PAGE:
Frontiers of Entrepreneurship Research
1997 Edition


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Simon C. Parker

University of Durham

Telephone: 44-191-374-7271
Fax: 44-191-374-7289

Principal Topics

The paper attempts to explain the widely differing experiences of the US and the UK with regard to aggregate self-employment since the mid-1960s. I model the decision to become self-employed when agents possess differing amounts of innate entrepreneurial ability; when agents are committed to their occupation for a given finite time; and when returns in self-and paid-employment are uncertain.


Aggregate US and UK data are taken from the OECD, IMF and Datastream. The model is estimated using a two-stage estimation procedure. At the first stage, least squares learning about the model's dynamic stochastic income process is estimated; these estimates are used in the non-linear regression analysis of the second stage. The effects of risk and returns on entrepreneurship are gauged in both the US and the UK, and entrepreneurial attitudes to risk in both economies are also estimated.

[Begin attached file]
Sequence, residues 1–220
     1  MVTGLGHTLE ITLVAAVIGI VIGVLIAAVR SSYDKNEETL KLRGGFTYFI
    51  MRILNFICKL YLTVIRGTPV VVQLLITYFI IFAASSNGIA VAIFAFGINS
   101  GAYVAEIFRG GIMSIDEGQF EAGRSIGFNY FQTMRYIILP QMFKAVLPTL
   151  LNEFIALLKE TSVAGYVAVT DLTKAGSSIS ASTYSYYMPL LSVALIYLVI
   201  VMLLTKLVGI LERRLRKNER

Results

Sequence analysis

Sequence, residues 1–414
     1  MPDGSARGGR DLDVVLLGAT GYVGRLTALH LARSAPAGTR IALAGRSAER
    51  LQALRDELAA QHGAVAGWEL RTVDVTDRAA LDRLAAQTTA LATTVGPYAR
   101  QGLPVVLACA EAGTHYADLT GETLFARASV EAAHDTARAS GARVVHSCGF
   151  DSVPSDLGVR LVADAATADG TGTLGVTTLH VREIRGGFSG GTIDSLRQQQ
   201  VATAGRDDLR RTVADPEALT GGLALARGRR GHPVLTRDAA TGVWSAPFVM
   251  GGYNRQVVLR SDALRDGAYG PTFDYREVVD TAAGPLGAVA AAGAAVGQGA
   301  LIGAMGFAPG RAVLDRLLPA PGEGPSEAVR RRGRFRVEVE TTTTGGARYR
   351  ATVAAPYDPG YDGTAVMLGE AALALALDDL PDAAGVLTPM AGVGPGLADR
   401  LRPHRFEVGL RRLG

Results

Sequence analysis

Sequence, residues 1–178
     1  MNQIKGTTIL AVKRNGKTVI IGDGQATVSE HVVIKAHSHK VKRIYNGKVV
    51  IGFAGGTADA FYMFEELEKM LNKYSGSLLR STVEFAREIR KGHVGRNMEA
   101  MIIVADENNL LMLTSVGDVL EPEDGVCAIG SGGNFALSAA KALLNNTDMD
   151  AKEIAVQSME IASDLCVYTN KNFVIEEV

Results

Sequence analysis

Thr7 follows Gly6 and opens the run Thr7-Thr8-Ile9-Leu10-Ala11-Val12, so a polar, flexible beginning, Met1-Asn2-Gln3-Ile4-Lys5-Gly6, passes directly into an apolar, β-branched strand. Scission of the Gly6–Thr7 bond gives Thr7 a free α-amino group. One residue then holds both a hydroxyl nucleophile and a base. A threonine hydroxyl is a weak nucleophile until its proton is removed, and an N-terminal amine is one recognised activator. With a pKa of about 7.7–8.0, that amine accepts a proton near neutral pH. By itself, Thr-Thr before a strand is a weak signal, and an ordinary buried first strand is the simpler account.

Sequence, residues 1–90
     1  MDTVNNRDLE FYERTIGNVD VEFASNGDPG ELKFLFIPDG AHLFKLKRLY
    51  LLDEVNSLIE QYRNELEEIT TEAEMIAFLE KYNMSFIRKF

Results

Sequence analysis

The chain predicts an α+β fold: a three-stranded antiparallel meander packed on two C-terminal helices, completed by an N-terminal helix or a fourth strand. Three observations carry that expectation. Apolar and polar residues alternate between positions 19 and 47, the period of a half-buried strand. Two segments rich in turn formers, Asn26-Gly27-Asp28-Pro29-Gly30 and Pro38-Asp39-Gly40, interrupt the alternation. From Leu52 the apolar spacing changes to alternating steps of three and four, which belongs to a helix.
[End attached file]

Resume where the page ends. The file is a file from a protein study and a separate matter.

Major findings

Between 1965 and 1992, risks and returns play a key role in explaining aggregate self-employment in the UK; relatively high risk aversion is observed. In contrast, the degree of risk aversion is found to be indistinguishably different from zero in the US, suggesting that expected relative returns and income growth rates in paid- and self-employment, but not risks, determine aggregate American self-employment. In both economies, sensitivity analyses were also performed by testing the significance of additional explanatory variables over and above those predicted by the model.


To the extent that governments wish to promote self-employment (as in the last 18 years in the UK), they should recognise the importance of risks as well as returns when making policies for the UK economy. For the US, policies which focus on returns and expected income growth rates would seem to be most effective.


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